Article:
We must be vigilant and protective of our practices, too. We need to keep our insurance up-to-date. We need signatures on contracts. We must adjust to scope-creep. We need to be sure we use disclaimers, and at all times we need to manage client expectations. Those are defensive measures for smart business people.
5. Don’t assume you know what people want. Yard sales prove the point that “one man’s trash is another man’s treasure.” I spent much of the day in disbelief over what some people wanted to buy, and how much they were willing to pay.
For patient advocacy, the phrase might be interpreted a bit differently, but with far more impact. For example, the medical system likes to assume that people want to live longer (because they can make more money as long as someone continues to live) – but sometimes the suffering patient doesn’t feel the same way. Or an advocate may be asked by an adult child to share more about Mom’s treatment – but the client (Mom) doesn’t want her kids to know what’s going on. I also found there was often a difference in behavior among people who “wanted” items – vs – people who “needed” items. They approached their yard sale shopping differently.
We advocates need to be clear about expectations and wishes through our client’s lens, not our own. Repeat your interpretation to clients to be sure you are on the same page. If caregivers are involved, be sure you all (patient, caregiver, advocate) have the same expectations to prevent problems later.
6. Further to point #5: Recognize that not everyone agrees on what is valuable. I have my great-grandma’s old fine china. It’s antique, it’s classic, it’s beautiful, but… I have never used it. I have no use for it. There are 75 pieces of it, it takes up so much room… do I keep it? Do I give it away? (No – my sisters, daughters, nieces and nephews don’t want it.) Further, fine china elicits no interest from dealers or even online. No one uses it anymore. No one wants it. But it was Great Grammas! So – what do I do with it?
The same is true for advocacy clients. Don’t assume that just because you offer hospital bedside services, they will want to pay you to provide them. Don’t think that just because you took it upon yourself to arrange for a second opinion, your client will be interested. Be sure you and your client are in agreement on what services you will offer and the services they value and are willing to pay for.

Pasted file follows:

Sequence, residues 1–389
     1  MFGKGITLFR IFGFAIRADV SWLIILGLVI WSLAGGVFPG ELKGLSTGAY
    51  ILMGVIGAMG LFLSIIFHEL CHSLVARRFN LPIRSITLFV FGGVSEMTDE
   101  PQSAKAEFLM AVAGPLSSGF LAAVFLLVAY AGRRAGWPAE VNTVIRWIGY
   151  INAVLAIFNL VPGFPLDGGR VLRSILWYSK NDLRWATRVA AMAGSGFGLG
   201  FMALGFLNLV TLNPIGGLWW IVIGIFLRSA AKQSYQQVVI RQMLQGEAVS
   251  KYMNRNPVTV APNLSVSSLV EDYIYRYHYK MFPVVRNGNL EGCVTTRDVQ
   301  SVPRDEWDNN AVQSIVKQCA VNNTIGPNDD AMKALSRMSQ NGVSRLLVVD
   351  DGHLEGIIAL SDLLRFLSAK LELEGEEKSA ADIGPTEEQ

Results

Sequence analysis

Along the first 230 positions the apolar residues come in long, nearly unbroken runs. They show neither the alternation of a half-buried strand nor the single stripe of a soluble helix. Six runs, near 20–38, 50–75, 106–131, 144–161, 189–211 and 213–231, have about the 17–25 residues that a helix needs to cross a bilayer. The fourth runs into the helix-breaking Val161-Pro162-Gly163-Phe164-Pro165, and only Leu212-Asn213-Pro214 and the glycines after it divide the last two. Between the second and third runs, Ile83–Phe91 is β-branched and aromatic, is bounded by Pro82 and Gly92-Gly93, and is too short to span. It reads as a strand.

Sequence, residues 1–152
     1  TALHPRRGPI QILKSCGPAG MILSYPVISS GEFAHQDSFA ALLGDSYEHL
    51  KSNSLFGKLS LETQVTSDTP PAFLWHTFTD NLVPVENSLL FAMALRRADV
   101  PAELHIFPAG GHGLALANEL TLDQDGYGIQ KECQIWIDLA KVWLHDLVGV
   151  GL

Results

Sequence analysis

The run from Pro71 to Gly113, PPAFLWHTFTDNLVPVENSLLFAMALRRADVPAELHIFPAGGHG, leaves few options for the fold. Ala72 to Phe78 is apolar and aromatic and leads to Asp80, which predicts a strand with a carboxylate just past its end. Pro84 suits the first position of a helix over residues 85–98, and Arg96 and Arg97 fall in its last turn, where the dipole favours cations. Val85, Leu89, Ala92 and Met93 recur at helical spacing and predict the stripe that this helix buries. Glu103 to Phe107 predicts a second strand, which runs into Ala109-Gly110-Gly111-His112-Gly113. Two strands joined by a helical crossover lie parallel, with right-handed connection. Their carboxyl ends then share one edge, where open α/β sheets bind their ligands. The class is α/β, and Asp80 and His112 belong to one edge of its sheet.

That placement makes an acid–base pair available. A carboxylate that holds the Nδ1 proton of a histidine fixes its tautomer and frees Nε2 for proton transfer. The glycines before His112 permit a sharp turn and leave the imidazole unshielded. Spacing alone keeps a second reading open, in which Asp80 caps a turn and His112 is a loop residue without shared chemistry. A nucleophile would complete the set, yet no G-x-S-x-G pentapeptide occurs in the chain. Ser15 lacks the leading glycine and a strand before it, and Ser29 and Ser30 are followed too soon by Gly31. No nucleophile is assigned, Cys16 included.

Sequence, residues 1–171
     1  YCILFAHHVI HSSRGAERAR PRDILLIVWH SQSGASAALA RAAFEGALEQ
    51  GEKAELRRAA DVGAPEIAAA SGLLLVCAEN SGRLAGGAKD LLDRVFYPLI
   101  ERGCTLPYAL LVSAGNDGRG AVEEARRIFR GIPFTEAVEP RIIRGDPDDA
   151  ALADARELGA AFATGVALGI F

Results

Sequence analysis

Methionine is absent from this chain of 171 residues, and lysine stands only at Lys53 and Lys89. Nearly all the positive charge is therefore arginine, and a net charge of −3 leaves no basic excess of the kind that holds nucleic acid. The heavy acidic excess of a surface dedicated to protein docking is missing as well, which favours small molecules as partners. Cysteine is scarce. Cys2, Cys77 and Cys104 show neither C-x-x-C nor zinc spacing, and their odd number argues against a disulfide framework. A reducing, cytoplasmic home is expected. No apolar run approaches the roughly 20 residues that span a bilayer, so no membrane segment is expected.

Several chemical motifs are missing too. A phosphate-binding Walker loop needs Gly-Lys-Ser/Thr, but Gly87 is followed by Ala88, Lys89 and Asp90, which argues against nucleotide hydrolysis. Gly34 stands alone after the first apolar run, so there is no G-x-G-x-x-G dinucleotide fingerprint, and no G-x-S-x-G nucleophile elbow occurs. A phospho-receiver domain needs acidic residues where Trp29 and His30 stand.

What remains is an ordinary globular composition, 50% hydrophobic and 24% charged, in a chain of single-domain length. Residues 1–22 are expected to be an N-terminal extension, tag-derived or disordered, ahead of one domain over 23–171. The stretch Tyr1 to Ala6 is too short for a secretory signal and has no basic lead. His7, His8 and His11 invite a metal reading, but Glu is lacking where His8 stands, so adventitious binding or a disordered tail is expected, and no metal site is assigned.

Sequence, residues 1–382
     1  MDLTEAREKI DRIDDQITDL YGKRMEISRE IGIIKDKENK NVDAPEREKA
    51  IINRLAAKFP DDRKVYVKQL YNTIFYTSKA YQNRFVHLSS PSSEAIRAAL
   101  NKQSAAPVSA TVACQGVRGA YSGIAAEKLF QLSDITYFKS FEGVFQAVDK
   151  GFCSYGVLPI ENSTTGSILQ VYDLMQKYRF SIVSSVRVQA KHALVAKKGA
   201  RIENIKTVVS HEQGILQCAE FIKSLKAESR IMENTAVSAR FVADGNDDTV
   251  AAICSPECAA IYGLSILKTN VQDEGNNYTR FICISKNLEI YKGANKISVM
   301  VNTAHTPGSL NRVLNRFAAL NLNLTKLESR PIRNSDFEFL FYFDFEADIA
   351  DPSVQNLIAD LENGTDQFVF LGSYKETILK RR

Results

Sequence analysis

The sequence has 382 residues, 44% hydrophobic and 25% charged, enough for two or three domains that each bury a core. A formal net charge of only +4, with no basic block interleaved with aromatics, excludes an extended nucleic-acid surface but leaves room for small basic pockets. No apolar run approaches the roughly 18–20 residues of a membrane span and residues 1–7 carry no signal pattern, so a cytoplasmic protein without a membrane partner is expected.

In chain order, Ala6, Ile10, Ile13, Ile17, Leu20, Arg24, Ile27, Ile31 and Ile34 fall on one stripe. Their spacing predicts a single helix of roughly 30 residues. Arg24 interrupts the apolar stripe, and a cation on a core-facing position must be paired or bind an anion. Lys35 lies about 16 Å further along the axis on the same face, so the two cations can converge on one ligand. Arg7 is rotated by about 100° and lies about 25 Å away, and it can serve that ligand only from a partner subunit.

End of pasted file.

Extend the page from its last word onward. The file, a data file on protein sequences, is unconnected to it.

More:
7. Add value. Throughout the day there were little children accompanying a parent or grandparent. The olders would be looking for tools or household goods, and the kids would grab a box of crayons — so if Mom or Granddad was paying for their new treasures, I would just say “no charge!” for the crayons or other small toy… Lots of good will, some conversation… If I ever go into the yard sale business permanently, I will already have built some good word-of-mouth.
As advocates, there are many services we might offer as value-adds. NOT for free – but at a reduced price because you have already been paid for other services. This creates more value for the client and eventually more income for you. Offer to work through a conversation about advance directives, or enlist another advocate who can do medication reviews to do them inexpensively for all your clients at reduced pricing, or be the person who monitors the patient’s electronic health records, or…. You’ll find appreciation, great word-of-mouth marketing, and more business by providing these value-add services.
8. Say thank you. No explanation needed.
We did quite well with our sale. But there are still hundreds of items left, so we’re going to do it again in a few weeks, just prior to our move.
We’ve learned our lessons. We’ll be better prepared next go-round. We’ll try to get more items priced. We won’t put wheeled chairs at the end of the driveway. We’ll have quarters and dollar bills at the ready. And we’ll throw lots of extra things into those plastic grocery bags we’ve been saving for just these occasions.
I hope this blog post spur you into nailing down your customer service business practices. They will help you maximize your effectiveness and increase your opportunities.
And I hope you aren’t grappling with your great gramma’s fine china.